The Infamous Stringdusters, hailing from Charlottesville, Virginia, are a favorite among Denver-ites, and have made quite a name for themselves within the bluegrass genre. With the Mile High City being quite the hub for bluegrass music, it’s only natural that the “Dusters” make a stop in town at least twice a year. They’re some of the best in the business, grouped with the likes of Greensky Bluegrass and Leftover Salmon, which means they’ve got solid competition when it comes to bluegrass fans. Friday and Saturday nights made up a two-night run at the Fillmore Auditorium, where the band had the chance to experiment with the weekend’s Halloween theme, and to show us the kind of cojones they’ve got.
Though it was billed as Keller Williams’ Grateful Grass, which is made up of a group of rotating musicians each show, it was a delightful surprise to have the full Infamous Stringdusters backing Williams for his opening set. While the music of the Grateful Dead isn’t bluegrass music, what’s unique about the Grateful Grass series is that Williams and his band perform bluegrass renditions of Dead tunes. Thus, the Dusters were a perfect fit to play with the solo singer/songwriter/class clown. The Grateful Grass set played your typical Dead heaters – “Shakedown Street,” “Mr. Charlie,” “He’s Gone,” “Bertha,” “Cold Rain and Snow” and “Scarlet Begonias.” The real treat of the set, however, was the imaginatively curated mash-up, where the band sang the lyrics of “Cumberland Blues” to the music of “They Love Each Other” – totally unheard of, and totally awesome.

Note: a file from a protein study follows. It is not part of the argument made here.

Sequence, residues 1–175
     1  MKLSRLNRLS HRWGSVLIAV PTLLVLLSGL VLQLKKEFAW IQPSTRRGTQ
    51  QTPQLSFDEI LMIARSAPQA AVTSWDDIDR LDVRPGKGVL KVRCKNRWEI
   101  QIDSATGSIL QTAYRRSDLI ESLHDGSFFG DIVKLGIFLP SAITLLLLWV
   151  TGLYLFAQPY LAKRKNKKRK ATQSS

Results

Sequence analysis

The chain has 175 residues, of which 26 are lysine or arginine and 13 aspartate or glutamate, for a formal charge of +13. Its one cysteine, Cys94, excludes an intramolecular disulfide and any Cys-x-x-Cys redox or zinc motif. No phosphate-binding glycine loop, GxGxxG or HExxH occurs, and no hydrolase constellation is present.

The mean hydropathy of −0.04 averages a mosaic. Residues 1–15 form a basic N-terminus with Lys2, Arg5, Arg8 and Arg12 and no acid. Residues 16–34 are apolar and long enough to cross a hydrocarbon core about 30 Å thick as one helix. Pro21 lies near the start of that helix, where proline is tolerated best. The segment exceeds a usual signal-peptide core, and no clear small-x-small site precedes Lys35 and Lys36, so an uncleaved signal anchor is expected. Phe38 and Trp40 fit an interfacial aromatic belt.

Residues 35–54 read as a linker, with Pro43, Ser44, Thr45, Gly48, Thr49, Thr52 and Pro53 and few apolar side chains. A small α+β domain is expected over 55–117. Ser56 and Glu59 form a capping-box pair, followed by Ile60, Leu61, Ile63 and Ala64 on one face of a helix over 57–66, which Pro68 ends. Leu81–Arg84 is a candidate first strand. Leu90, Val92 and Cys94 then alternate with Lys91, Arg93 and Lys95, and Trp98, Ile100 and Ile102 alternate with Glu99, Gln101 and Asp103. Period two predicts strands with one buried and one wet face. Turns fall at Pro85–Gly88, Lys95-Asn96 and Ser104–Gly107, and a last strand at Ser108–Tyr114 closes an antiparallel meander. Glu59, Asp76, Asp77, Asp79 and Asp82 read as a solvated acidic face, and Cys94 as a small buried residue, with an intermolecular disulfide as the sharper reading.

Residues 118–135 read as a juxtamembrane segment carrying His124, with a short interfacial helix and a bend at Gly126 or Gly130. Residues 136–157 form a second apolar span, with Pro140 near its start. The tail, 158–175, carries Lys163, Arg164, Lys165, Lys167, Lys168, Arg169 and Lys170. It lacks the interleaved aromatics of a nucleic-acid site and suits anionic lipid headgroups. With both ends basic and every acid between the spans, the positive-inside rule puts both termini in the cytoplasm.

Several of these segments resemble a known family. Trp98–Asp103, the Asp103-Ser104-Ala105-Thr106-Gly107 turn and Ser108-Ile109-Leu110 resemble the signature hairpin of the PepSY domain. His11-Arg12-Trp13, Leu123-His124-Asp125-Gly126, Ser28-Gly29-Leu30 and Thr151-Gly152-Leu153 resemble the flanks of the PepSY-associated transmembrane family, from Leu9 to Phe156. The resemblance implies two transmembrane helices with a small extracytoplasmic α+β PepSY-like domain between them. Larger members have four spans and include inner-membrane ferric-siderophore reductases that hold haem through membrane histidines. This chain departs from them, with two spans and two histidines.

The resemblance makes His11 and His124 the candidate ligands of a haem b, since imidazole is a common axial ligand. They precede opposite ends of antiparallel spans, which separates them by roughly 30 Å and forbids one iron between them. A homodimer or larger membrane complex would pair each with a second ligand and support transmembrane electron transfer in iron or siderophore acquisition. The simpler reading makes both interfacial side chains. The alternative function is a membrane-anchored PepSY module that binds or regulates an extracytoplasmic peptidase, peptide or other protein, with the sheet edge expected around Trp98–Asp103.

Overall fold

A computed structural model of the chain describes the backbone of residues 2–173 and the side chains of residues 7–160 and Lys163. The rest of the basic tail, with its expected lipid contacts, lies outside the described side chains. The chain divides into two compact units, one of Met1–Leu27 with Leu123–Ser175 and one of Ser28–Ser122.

The main act of the evening was the Dusters, who kicked off their nearly two-hour set with, surprisingly, a tune off of guitarist Andy Falco’s solo album – a testament to their compatibility as a band and their steadfast team spirit. The Dusters’ ode to our home state, “Colorado,” came next and was followed by “Night On The River” and “Light and Love.” The first of a handful of covers came with Johnny Cash’s “Highway Man,” which the Dusters performed in true Cash-style, donning suit jackets and cowboy hats.
A friend of mine and diehard fan of the band described the next tune, “Black Rock,” as a “high-powered instrumental led by Andy Hall’s dobro.” I surely could not have put it any better, and that epic instrumental then transitioned smoothly into a fan favorite, “Peace Of Mind.” A more rock-a-billy sound was brought into the mix with the inevitable sing-along, “17 Cents.” From the band’s Silver Sky album released two years ago came another beautiful cover of The Police’s “Walking On The Moon.” The set would come to a close with “Where The River’s Run Cold” and a real twangy version of Warron Zevon’s “Werewolves of London,” which was ideal for the the Halloween-themed show.
A swift departure from the band, before the Dusters returned to the stage and asked both of their opening bands to join them for their two-song encore.. Keller Williams took center stage, and Montana’s Lil’ Smokies weaved themselves into the throng of musicians, instruments, speakers and wires to establish an 11-person bluegrass supergroup. Picking up where the Grateful Grass set had left off, this newly established supergroup jammed through “I Know You Rider” and “Goin’ Down The Road,” two songs that are extremely typical for an encore of a Dead or Dead-related show. Needless to say, Saturday night was chalk-full of incendiary music and unparalleled musicianship. Watch out, bluegrass world, because the Dusters are on fire.
All Photos by Will Sheehan. See full gallery here.